Neoplasia Detection Rate in Barrett's Esophagus and Its Impact on Missed Dysplasia: Results from a Large Population-Based Database

Lovekirat Dhaliwal, D. Chamil Codipilly, Parth Gandhi, Michele L. Johnson, Ramona Lansing, Kenneth K. Wang, Cadman L. Leggett, David A. Katzka, Prasad G. Iyer

Research output: Contribution to journalArticlepeer-review

1 Scopus citations

Abstract

Background & Aims: It is a challenge to detect dysplasia in Barrett's esophagus (BE) and esophageal adenocarcinomas (EACs) are missed in 25%–33% of cases. The neoplasia detection rate (NDR), defined as the rate of high-grade dysplasia (HGD) or EAC detection during initial surveillance endoscopy, has been proposed as a quality metric for endoscopic evaluation of patients with BE. However, current estimates are from referral center cohorts, which might overestimate NDR. Effects on rates of missed dysplasia are also unknown. We analyzed data from a large cohort of patients with BE to estimate the NDR and factors associated with it, and assess the effects of the NDR on the rate of missed dysplasia. Methods: We analyzed data from 1066 patients in the Rochester Epidemiology Project-linked medical record system, a population-based cohort of patients with BE (confirmed by review of the endoscopic and histologic reports) from 11 southeastern Minnesota counties from 1991 through 2019. Biopsies reported to contain dysplasia were confirmed by expert gastrointestinal pathologists. The NDR was calculated as the rate of HGD or EAC detected by histologic analyses of biopsies collected during the first surveillance endoscopy. Patients without HGD or EAC at their initial endoscopy (n = 391) underwent repeat endoscopy within 12 months; HGD or EAC detected at the repeat endoscopy were considered to be missed on index endoscopy. Factors associated with NDR and missed dysplasia were identified using univariate and multivariate logistic regression models. Results: The NDR was 4.9% (95% CI, 3.8–6.4); 3.1% of patients had HGD, 1.8% had EAC, and 10.6% had low-grade dysplasia. Factors associated with higher rates of detection of neoplasia included older age, male sex, smoking, increasing length of BE, and surveillance endoscopies by gastroenterologists. This NDR was associated with a substantially lower rate of missed dysplasia (13%). Conclusions: In an analysis of 1066 patients with BE in a population-based cohort, we found a lower NDR and lower rate of missed dysplasia than previously reported. NDR may have value as a quality metric in BE surveillance if validated in other cohorts.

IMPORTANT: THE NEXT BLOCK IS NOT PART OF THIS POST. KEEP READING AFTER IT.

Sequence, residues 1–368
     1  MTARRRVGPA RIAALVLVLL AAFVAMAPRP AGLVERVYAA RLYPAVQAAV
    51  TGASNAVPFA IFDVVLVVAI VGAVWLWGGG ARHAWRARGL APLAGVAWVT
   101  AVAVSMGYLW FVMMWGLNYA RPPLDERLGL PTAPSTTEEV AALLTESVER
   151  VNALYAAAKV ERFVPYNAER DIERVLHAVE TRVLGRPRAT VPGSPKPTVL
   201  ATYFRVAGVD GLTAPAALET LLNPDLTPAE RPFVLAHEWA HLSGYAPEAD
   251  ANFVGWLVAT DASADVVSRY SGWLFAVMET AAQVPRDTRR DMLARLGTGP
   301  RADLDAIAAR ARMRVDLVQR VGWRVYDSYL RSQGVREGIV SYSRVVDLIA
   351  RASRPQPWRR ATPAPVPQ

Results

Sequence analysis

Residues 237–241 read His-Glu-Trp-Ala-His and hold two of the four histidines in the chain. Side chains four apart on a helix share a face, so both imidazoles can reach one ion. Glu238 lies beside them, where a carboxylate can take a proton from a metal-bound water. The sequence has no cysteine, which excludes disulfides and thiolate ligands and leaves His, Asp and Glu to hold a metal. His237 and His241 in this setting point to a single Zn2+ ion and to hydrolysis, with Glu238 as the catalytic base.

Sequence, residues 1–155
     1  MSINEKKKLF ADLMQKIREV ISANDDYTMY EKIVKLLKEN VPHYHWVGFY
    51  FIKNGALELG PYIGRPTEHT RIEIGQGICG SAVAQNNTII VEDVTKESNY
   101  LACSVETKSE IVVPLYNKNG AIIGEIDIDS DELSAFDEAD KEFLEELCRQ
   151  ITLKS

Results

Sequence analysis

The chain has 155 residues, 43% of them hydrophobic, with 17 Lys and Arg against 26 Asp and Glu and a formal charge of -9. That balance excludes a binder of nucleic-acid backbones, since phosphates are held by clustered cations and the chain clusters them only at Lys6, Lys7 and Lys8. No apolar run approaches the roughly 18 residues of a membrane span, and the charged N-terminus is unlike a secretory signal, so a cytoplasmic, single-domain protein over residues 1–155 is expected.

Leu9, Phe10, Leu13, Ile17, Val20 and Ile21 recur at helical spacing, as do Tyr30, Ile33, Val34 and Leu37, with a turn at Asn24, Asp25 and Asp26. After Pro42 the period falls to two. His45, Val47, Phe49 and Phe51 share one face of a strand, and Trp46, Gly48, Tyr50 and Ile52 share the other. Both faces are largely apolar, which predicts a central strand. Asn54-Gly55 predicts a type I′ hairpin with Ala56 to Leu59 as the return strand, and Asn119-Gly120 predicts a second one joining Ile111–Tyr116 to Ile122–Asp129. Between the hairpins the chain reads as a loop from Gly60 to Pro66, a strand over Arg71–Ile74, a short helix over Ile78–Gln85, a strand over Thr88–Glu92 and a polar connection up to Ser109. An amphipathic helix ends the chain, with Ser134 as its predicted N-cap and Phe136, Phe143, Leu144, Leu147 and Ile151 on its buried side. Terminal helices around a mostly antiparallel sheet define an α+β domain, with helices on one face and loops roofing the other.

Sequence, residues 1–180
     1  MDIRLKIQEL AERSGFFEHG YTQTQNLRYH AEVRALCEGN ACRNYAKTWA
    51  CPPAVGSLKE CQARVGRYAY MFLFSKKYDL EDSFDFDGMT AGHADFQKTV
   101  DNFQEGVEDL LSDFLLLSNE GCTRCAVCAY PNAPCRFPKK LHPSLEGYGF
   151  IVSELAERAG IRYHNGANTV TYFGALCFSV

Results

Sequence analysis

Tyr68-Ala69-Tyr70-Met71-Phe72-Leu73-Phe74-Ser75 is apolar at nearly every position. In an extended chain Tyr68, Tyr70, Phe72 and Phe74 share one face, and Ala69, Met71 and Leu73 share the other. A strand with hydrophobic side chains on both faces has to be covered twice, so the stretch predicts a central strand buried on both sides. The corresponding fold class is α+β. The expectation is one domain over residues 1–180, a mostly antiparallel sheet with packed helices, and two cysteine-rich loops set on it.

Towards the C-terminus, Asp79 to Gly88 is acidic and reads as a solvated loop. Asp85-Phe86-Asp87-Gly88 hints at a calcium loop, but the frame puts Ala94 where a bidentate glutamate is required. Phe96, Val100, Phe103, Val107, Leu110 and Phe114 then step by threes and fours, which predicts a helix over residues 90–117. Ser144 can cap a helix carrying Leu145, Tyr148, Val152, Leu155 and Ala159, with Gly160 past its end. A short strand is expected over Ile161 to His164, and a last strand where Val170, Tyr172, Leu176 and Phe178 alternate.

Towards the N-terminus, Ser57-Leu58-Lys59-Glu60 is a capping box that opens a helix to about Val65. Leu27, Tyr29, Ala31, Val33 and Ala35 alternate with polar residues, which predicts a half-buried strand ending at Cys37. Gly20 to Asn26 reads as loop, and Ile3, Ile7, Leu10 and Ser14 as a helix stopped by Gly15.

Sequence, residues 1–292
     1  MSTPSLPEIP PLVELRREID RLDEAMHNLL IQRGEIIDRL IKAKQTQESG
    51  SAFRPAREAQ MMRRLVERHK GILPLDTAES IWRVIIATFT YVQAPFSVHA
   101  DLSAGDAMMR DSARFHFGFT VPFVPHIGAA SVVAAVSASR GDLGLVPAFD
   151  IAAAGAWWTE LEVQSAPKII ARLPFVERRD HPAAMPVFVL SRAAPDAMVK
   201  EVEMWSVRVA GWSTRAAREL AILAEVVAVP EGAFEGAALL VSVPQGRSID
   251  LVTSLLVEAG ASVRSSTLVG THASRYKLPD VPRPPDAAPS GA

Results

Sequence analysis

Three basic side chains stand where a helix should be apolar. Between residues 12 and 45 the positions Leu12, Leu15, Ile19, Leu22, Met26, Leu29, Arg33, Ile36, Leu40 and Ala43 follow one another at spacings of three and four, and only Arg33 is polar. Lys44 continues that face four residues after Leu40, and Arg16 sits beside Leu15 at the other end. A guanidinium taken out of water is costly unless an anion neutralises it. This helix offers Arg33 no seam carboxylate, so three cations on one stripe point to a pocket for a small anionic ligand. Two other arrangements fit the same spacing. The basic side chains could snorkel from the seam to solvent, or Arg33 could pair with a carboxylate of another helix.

Original languageEnglish (US)
JournalClinical Gastroenterology and Hepatology
DOIs
StateAccepted/In press - 2020

Keywords

  • Accuracy
  • Disease Progression
  • Esophageal Cancer
  • Pathology

ASJC Scopus subject areas

  • Hepatology
  • Gastroenterology

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